An engaging first half filled with thrills from Mexico offered us glimpses of what they can do. The likes of Lozano are ones to watch out for in the latter stages of the tournament. Mexico are perennial Round of 16 candidates, but this lot look like they can go further. Their fighting spirit and defensive integrity got them through this game, but they are no bus parking outfit. With plenty of pace and skill on the break, they can offer much more drama in the coming days.

German fans must be worried, and rightly so. A breeze through qualification and the tag of World champion could have induced complacency. A prevalent flatness and underwhelming nature of their play must quickly disappear. With Sweden and South Korea to go, Germany should still get out the group. But if they end up finishing second, they could draw Brazil if results pan out as expected. And this could be a result that gives them much to bother about. But today is not about a German collapse. It is about a freedom of Mexican spirit and the emotion with which they play their football. It warmed all of us, and these are the kind of stories we watch the World Cup for.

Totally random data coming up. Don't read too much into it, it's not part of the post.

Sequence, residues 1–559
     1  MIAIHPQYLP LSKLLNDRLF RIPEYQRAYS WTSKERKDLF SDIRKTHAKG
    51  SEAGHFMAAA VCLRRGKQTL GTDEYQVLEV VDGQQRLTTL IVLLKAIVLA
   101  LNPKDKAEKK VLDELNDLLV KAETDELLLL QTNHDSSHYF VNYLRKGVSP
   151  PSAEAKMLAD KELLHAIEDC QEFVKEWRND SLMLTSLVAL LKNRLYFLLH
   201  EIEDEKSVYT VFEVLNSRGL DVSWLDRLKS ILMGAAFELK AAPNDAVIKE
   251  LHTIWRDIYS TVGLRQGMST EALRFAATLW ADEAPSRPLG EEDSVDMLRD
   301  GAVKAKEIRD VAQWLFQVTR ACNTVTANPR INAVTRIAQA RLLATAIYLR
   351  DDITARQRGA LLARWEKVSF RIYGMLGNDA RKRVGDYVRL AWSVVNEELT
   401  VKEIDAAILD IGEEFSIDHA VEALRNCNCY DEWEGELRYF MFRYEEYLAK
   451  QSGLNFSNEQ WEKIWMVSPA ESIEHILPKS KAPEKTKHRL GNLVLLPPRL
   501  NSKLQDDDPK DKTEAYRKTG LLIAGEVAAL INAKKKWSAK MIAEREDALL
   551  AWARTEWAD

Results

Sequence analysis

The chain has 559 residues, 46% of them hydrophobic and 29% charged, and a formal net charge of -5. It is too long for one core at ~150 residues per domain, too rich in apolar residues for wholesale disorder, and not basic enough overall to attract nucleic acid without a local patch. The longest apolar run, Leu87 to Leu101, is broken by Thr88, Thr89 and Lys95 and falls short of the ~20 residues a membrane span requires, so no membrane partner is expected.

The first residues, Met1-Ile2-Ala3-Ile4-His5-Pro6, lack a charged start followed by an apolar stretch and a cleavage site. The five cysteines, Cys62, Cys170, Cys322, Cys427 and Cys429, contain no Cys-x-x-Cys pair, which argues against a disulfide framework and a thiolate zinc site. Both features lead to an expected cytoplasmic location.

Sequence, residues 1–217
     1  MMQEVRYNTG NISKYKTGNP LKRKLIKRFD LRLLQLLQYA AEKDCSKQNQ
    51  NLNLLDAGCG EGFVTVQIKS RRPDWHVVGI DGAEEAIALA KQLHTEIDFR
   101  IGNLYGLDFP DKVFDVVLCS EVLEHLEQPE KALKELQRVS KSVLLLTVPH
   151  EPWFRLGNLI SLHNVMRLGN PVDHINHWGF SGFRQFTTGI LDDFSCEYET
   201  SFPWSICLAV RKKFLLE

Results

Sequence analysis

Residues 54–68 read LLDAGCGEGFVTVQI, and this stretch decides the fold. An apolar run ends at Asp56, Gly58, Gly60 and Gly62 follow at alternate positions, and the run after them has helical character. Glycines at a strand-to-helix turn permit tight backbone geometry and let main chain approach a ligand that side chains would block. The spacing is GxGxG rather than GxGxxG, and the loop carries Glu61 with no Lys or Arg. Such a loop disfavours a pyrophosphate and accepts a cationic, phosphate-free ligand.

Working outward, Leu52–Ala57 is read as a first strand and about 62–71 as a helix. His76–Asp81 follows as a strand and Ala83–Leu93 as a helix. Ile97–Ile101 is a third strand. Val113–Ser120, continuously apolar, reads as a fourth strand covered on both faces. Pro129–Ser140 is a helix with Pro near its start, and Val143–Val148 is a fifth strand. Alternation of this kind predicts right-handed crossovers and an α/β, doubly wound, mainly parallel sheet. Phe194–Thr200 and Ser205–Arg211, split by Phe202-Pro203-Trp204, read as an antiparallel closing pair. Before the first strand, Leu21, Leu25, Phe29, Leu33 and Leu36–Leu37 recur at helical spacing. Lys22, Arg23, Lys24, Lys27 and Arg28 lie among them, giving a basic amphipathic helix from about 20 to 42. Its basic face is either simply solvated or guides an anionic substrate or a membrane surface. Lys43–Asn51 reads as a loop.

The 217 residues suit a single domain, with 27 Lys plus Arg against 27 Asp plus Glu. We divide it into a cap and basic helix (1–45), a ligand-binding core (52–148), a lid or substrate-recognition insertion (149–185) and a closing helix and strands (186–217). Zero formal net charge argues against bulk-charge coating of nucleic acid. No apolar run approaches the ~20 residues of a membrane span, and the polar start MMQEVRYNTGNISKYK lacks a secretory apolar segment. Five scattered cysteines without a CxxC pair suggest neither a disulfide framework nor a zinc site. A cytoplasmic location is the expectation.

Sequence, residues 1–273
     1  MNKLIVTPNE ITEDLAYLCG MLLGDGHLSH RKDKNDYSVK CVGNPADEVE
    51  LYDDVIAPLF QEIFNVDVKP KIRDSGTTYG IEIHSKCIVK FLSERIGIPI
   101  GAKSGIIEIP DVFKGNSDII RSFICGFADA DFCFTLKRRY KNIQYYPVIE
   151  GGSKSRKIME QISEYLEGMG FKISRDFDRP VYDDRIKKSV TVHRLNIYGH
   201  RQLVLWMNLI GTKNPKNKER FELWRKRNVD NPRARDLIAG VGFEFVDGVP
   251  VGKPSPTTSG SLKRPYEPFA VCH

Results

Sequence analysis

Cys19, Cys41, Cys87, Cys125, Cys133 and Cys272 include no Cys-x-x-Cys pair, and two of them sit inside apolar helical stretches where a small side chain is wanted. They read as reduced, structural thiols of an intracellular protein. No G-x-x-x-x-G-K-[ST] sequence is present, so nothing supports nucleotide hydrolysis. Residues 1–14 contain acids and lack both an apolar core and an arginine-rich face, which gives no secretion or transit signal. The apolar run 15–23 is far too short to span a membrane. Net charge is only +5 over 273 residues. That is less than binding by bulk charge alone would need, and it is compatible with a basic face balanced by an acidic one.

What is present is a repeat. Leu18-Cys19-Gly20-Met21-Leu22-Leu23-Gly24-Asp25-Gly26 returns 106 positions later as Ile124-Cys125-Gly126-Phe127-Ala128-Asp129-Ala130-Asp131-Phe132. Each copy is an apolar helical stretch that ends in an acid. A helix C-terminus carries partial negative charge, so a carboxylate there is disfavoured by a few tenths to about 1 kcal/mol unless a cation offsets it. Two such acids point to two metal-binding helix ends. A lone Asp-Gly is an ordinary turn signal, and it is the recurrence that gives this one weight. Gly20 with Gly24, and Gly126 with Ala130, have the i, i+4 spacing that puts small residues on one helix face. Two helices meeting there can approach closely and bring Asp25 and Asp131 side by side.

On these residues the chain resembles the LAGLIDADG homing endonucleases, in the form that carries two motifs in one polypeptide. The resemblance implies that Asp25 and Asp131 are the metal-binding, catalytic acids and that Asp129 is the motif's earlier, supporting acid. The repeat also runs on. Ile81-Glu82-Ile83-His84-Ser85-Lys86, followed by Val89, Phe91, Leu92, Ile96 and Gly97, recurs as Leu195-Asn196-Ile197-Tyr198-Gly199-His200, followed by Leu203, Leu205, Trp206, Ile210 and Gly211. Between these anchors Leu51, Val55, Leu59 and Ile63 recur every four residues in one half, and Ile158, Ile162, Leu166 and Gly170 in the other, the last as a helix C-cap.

Feature Image via NY Times

To read more on the World Cup, click here

Marquez Image via ABC7 News


 

 

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Anirudh Madhavan
An engineering student whose biggest passions are football and writing. Believes that football is a higher ideal, a game with great potential to do wonderful things for the world. When not watching Manchester United, can be found trying to scramble across the line at Engineering.
http://www.elartedf.com